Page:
Trade Proposal Nets Bears Elite $42 Million Edge Rusher From NFC Rival

Matt Eberflus, Bears

Getty Head coach Kevin O'Connell of the Minnesota Vikings (left) talks with Head coach Matt Eberflus of the Chicago Bears (right) after a game at Soldier Field on January 8, 2023 in Chicago, Illinois. (Photo by Quinn Harris/Getty Images)

The Chicago Bears are undergoing an exciting transformation this offseason, but a pass rush off the edge remains an element still to be added to the roster.

After trading down from the No. 1 overall pick to the No. 9 spot in a deal with the Carolina Panthers, elite linebacker Will Anderson Jr. no longer appears an option for the Bears, meaning immediate help on the edge is more likely to come in free agency or via a trade.

One potential option is Za’Darius Smith who asked the Minnesota Vikings for his release on March 9, per a report from NFL Network’s Ian Rapoport.

Bears Can Trade For Smith at Cost of Mid-Round Draft Pick

GettyMinnesota Vikings edge rusher Za’Darius Smith has requested the team release him from his contract.

In the very same tweet, Rapoport reported that the Vikings don’t intend to grant Smith his request. However, the team has already signed an edge rusher in Marcus Davenport to a one-year deal worth $13 million, which means Minnesota’s intentions are most likely to trade Smith rather than keep a disgruntled player on the roster at a high price point.

That was the opinion of Maurice Moton of Bleacher Report when he suggested that Smith is among a handful of players who “must be traded” following the opening week of free agency and its developments.

“Thus far, the club has held on to Smith, likely in hopes to find a trade partner for a three-time Pro Bowl player coming off a 10-sack season,” Moton wrote on Sunday, March 19. “The Vikings should be able to get draft capital, a fourth-rounder at least, for Smith, who plays a premium position on defense.”

Bears Can Afford to Trade For Smith, But Contract Extension is Risky

Za'Darius Smith, Vikings

GettyEdge rusher Za’Darius Smith of the Minnesota Vikings runs to a tackle during a game against the Buffalo Bills at Highmark Stadium on November 13, 2022 in Orchard Park, New York. (Photo by Isaiah Vazquez/Getty Images)

Smith is under contract with the Vikings for two more seasons after signing a three-year deal for $42 million ahead of last season. He is owed $9.45 million and $14.45 million in base salary over the next two years and will earn a total just north of $33.8 million over that span unless he gets a new deal.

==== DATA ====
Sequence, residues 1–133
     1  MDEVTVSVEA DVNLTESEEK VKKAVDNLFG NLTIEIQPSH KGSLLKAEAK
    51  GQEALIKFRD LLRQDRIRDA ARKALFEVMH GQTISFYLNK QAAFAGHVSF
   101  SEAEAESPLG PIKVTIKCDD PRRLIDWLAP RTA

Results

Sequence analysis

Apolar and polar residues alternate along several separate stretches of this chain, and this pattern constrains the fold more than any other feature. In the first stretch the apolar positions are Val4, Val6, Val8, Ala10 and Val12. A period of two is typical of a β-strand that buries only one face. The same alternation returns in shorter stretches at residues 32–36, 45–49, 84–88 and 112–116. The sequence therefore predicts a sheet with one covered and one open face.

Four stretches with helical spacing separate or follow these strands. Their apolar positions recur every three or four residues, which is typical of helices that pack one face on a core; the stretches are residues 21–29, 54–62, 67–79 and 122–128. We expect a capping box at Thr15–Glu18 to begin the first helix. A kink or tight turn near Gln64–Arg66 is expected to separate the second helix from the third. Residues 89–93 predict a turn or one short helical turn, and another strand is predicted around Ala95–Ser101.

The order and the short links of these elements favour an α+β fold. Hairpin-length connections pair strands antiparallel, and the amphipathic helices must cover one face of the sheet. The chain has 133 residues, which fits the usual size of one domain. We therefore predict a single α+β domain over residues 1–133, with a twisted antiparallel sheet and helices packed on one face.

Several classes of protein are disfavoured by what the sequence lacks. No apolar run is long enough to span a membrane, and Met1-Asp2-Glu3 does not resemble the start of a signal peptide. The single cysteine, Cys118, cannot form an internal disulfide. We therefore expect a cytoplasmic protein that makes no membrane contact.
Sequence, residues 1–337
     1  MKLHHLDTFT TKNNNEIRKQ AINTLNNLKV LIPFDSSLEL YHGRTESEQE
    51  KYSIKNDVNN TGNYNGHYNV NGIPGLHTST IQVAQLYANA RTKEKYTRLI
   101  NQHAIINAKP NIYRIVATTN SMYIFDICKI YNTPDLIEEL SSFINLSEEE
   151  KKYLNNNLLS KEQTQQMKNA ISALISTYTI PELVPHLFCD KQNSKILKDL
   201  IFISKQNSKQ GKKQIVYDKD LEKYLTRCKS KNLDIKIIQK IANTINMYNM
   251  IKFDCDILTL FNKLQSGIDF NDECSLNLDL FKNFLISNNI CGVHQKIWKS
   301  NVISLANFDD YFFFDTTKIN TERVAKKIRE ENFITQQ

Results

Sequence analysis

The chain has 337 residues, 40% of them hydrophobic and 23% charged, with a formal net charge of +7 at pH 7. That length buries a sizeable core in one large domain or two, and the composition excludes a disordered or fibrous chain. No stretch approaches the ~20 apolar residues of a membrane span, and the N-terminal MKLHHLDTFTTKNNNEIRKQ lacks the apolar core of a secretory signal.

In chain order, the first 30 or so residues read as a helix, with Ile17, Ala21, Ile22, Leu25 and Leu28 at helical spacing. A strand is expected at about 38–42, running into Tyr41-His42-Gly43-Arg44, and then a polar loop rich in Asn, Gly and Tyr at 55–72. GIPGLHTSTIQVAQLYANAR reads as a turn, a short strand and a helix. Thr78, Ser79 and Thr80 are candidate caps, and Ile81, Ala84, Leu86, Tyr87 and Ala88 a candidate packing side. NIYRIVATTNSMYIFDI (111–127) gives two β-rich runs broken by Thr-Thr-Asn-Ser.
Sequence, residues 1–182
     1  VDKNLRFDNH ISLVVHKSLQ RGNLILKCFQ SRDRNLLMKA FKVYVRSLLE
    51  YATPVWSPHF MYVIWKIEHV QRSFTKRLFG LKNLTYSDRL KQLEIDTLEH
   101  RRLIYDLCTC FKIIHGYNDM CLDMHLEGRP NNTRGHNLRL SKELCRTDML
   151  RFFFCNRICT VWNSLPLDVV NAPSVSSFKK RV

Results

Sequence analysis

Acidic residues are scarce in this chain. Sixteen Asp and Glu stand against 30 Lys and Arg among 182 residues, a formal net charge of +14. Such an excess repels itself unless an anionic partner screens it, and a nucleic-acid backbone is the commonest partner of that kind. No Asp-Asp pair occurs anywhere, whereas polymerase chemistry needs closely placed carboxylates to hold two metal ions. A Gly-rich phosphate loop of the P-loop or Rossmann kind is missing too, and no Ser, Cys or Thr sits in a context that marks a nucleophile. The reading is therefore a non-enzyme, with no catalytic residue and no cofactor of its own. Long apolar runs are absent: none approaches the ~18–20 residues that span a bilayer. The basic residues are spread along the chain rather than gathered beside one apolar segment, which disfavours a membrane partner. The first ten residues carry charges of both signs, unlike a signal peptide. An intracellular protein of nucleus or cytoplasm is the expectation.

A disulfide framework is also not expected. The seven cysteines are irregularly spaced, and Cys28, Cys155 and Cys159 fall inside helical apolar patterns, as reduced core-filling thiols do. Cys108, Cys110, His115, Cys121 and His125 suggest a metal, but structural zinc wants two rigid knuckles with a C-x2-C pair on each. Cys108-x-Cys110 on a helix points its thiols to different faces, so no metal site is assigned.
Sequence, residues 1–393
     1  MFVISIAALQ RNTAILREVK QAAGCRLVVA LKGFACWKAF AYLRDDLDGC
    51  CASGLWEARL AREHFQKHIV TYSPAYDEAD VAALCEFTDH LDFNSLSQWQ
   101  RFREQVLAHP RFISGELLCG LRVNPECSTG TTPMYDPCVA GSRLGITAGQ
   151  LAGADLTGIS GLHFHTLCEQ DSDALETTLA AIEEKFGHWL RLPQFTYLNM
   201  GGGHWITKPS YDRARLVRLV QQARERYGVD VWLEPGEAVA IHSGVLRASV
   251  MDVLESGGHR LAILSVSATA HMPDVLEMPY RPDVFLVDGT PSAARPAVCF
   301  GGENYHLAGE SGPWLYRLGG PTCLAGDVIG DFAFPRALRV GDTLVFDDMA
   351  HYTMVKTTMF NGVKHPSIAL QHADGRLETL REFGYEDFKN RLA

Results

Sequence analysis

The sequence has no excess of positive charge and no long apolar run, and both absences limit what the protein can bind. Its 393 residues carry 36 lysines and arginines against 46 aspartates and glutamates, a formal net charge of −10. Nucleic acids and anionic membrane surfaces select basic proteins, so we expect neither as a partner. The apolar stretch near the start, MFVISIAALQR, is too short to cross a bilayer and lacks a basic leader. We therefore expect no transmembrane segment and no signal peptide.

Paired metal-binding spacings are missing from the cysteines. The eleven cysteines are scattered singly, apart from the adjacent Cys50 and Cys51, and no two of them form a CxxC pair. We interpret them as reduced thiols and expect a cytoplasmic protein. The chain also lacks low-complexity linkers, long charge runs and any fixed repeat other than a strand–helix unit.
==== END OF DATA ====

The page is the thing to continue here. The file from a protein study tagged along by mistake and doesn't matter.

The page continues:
Smith is more than likely seeking a trade request in the hopes of earning an extension that will change the value of his current deal, both annually and in the long-term. He is 30 years old and has registered double-digit sack tallies in three of his previous four seasons. The only year he failed to do so was in 2021, when Smith sat out all but one regular season game with a back injury.

Chicago can afford to bring Smith into the fold with $41.4 million in available cap space for 2023 despite a slew of additions already this offseason. Smith’s position remains one of significant need for the Bears who, as of yet, have signed just one pass rusher in defensive end DeMarcus Walker, formerly of the Tennessee Titans. Walker tallied a career-high seven sacks in 2022 and signed a three-year, $21 million contract to come to Chicago.

The pertinent question for the Bears is do they want to bring in an edge rusher on the wrong side of 30 at a significant annual number for a significant number of years?

Trading for the final two seasons of Smith’s current deal isn’t the most dangerous move, particularly after he bounced back so well from the back injury he sustained the year prior while a member of the Green Bay Packers. That the trade might cost as little as a fourth-round draft pick also makes the notion appealing.

However, signing Smith to an extension that adds years to his contract renders the move a far more precarious proposition. And if the Bears aren’t willing to do that but trade for Smith anyway, the team runs the risk of picking up a disgruntled player whose production suffered an irrefutable dip toward the end of last season in Minnesota.

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